The next morning was hotter than the last. Dillan shielded his view from the bright furnace of occipital glaze as he approached the showroom, his over exposed eyes taking a few moments to adjust to the shade of the building�s interior as he entered. Nancy was not at her usual desk, which was next to the switch board. Dillan had never really given Nancy much of his attention. She seemed transparent, seemed to blend in perfectly with the dull d�cor of the outdated showroom. Even so, the front room was not quite complete without her there.
�Good morning, Mr. Jasper,� said Dillan as he walked past Nancy�s vacant desk to greet his boss.
�Morning, go ahead and start in the showroom bathroom today.�
�I�m not sure,� replied the boss. Then, appearing puzzled, he glanced at his watch.
�What about Otto? Is he in today?�
�I let go of Otto. Besides, Jim is twice the mechanic he ever was, younger too.�
�That�s too bad, I liked Otto.�
�So did I.�
�Are you doing anything for the 4th?�
�I�ll probably have a barbeque at the house. My son came down to visit, you know. Nothing special. And you?� Mr. Jasper inquired, looking up at Dillan for the first time since the conversation had started.
�I don�t really have any plans; I might hit the bar and set off some fireworks in the back yard.� Dillan�s answer rang out in equal parts, pathetic and pessimistic.
�We�re getting a new dumpster today; I need you to cart the old garbage cans out behind the Corvair at the back of the lot. There�s still trash in two of them, I left the dolly on the side of the building for you.�
�Sure thing, boss.�
Dillan stacked the old metal garbage cans on top of one another and carted them to the back of the lot two at a time. The dolly absorbed much of the burden; on his final trip, he had just started to break a sweat. This day�s task being so much easier than the last, he took the time to smoke a cigarette on the walk back to the showroom. Halfway there, he felt the nicotine hit his brain. A hot sun contributed to his light headedness, the euphoria well in place as he flicked the butt against the wall and opened the door.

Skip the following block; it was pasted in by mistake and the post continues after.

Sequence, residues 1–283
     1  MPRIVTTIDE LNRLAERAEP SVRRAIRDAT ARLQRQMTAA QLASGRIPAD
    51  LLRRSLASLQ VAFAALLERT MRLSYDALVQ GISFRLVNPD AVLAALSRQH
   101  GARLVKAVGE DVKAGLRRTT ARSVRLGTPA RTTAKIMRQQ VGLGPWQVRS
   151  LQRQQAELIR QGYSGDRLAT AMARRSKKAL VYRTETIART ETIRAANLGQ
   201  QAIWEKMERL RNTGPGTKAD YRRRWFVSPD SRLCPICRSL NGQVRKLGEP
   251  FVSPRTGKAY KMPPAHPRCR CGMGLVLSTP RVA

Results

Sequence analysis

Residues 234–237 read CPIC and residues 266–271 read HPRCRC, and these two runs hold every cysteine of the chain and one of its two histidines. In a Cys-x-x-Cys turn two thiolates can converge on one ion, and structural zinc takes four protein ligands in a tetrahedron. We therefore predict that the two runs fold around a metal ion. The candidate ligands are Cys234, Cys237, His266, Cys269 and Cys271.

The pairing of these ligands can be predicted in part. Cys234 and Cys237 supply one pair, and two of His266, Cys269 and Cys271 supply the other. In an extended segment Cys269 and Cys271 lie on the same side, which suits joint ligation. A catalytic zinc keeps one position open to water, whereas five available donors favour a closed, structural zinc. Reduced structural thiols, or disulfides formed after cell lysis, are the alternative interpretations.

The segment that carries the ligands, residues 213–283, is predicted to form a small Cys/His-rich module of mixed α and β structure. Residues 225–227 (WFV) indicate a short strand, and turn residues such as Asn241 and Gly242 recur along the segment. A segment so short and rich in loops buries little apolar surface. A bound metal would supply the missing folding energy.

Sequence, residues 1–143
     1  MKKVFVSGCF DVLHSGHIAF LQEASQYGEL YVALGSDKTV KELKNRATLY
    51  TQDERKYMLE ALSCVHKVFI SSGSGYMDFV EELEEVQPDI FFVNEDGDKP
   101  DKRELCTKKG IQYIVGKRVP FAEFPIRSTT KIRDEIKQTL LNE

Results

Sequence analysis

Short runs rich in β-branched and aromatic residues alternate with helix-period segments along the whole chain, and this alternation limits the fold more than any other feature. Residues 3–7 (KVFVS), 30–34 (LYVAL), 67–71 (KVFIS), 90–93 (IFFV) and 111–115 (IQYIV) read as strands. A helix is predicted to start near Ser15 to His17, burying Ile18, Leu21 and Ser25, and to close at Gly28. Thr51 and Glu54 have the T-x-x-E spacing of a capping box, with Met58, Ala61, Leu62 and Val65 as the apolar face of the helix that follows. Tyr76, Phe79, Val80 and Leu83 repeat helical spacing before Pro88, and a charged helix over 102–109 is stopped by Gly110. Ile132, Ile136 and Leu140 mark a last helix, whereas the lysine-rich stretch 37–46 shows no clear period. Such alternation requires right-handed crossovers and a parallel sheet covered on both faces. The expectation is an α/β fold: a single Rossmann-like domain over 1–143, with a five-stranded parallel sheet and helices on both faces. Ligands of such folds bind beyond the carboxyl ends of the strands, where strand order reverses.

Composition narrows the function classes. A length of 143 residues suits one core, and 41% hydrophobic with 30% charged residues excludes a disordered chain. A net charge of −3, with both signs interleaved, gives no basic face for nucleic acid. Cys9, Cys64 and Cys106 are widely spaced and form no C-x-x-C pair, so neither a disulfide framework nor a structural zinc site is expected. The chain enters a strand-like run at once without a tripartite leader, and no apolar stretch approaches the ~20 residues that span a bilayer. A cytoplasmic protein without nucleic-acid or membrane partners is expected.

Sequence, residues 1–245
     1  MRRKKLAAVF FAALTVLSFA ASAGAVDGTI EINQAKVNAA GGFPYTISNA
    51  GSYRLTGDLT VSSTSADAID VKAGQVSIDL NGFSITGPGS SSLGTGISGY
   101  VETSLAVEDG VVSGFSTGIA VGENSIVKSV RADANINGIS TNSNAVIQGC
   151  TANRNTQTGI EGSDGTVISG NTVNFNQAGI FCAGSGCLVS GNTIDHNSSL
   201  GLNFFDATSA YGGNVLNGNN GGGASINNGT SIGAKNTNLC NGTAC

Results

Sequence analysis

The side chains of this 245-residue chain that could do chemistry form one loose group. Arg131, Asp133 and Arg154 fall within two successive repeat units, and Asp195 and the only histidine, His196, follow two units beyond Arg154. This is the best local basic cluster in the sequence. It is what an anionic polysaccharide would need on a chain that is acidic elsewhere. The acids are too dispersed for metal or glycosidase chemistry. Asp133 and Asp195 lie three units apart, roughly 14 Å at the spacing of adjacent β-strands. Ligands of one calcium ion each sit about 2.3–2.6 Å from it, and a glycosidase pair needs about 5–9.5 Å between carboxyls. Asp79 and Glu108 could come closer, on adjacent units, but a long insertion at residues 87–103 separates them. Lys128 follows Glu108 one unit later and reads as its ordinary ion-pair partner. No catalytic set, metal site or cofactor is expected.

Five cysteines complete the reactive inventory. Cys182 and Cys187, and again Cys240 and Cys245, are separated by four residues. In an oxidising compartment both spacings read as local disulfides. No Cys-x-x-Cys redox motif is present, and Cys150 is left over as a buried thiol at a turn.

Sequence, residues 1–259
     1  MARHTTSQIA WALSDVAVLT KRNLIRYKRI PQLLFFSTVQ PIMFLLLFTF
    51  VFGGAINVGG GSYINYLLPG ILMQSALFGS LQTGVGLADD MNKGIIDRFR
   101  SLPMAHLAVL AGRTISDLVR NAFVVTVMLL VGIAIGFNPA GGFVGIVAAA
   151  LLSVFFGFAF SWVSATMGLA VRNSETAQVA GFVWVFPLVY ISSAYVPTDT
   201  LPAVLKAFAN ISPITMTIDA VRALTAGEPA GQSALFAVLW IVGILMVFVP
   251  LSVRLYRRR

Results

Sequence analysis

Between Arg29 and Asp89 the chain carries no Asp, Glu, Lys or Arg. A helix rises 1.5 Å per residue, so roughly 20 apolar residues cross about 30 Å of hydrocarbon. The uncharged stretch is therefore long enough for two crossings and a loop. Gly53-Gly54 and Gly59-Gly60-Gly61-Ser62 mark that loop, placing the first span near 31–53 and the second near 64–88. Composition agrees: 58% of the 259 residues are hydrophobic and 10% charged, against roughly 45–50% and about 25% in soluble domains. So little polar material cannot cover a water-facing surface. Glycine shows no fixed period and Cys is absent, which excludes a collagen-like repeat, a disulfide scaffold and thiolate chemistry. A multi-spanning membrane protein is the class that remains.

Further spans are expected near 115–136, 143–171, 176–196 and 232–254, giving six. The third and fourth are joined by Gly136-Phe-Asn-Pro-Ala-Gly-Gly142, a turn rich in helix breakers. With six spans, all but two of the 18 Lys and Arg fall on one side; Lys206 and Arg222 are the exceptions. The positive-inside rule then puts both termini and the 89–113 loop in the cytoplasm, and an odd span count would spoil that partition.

�All done, I�m going to start on that bathroom now,� he said, approaching Mr. Jasper�s desk.
�Get to it.�
�I will, no word from Nancy yet?�
�No. With all of these no-shows, I might just have to promote you. No one wants to work in this dusty cesspool of a town.�
Laughingly, Dillan replied, �Operating the switchboard and turning wrenches isn�t exactly at the top of my resume. Besides, I�m sure you can find suitable replacements�.
�What about you?�
�What about me?�
�Would you like to take Nancy�s place? There�s really nothing to it.�
�You can�t teach an old dog new tricks, boss,� Dillan said, breaking eye contact with Mr. Jasper and re-focusing his gaze to the floor.
�You can learn,� Mr. Jasper replied, curling one side of his lips into a crooked smile, as if he was forcing some degree of sociability into the conversation.
�Are you going to get to work? I see your promotion slowly slipping away.�
�I�m on my way,� replied Dillan, chuckling as he turned around sharply and shuffled to the showroom�s lavatory.
�Make sure you get in between the vanity and the toilet this time,� the manager said, this time addressing Dillan�s backside.
The showroom bathroom looked no different than it did when Dillan had mopped his way out of it the day before. Everything was clean, devoid of so much as a fingerprint. For a moment, he contemplated sitting down for a rest, but the fear of Mr. Jasper firing him for sleeping on the job compelled Dillan to go over the gleaming bathroom diligently, as he would have done for a dirtier facility. He tried to remember how many people he had seen use the bathroom yesterday. Aside from Nancy, his memory failed him. The showroom had been without a single customer in days.
�All done, boss,� Dillan said, exiting the front restroom.
�Business has been slow lately,� declared Dillan, gazing through the front window and looking at the empty black strip of road. It appeared to slope slightly upwards from the low vantage point of the showroom floor.
�I know. I�ve been trying to keep busy, though.�